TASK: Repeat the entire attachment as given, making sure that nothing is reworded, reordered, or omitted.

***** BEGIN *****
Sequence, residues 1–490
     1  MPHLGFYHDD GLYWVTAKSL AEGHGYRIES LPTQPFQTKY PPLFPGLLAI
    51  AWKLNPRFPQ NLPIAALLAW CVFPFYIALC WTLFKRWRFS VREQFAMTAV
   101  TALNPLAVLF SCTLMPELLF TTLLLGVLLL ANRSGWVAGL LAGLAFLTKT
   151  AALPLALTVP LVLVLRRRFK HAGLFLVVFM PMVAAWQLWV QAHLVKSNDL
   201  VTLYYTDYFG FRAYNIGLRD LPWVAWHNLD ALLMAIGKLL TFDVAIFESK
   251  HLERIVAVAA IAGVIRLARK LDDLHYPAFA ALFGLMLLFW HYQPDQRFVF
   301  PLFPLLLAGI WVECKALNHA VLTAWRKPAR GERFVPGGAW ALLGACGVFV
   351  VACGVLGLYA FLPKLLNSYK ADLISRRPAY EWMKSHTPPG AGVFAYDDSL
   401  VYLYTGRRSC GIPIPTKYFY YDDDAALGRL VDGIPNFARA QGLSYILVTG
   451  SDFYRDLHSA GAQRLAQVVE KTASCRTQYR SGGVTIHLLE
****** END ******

Sequence, residues 1–490
     1  MPHLGFYHDD GLYWVTAKSL AEGHGYRIES LPTQPFQTKY PPLFPGLLAI
    51  AWKLNPRFPQ NLPIAALLAW CVFPFYIALC WTLFKRWRFS VREQFAMTAV
   101  TALNPLAVLF SCTLMPELLF TTLLLGVLLL ANRSGWVAGL LAGLAFLTKT
   151  AALPLALTVP LVLVLRRRFK HAGLFLVVFM PMVAAWQLWV QAHLVKSNDL
   201  VTLYYTDYFG FRAYNIGLRD LPWVAWHNLD ALLMAIGKLL TFDVAIFESK
   251  HLERIVAVAA IAGVIRLARK LDDLHYPAFA ALFGLMLLFW HYQPDQRFVF
   301  PLFPLLLAGI WVECKALNHA VLTAWRKPAR GERFVPGGAW ALLGACGVFV
   351  VACGVLGLYA FLPKLLNSYK ADLISRRPAY EWMKSHTPPG AGVFAYDDSL
   401  VYLYTGRRSC GIPIPTKYFY YDDDAALGRL VDGIPNFARA QGLSYILVTG
   451  SDFYRDLHSA GAQRLAQVVE KTASCRTQYR SGGVTIHLLE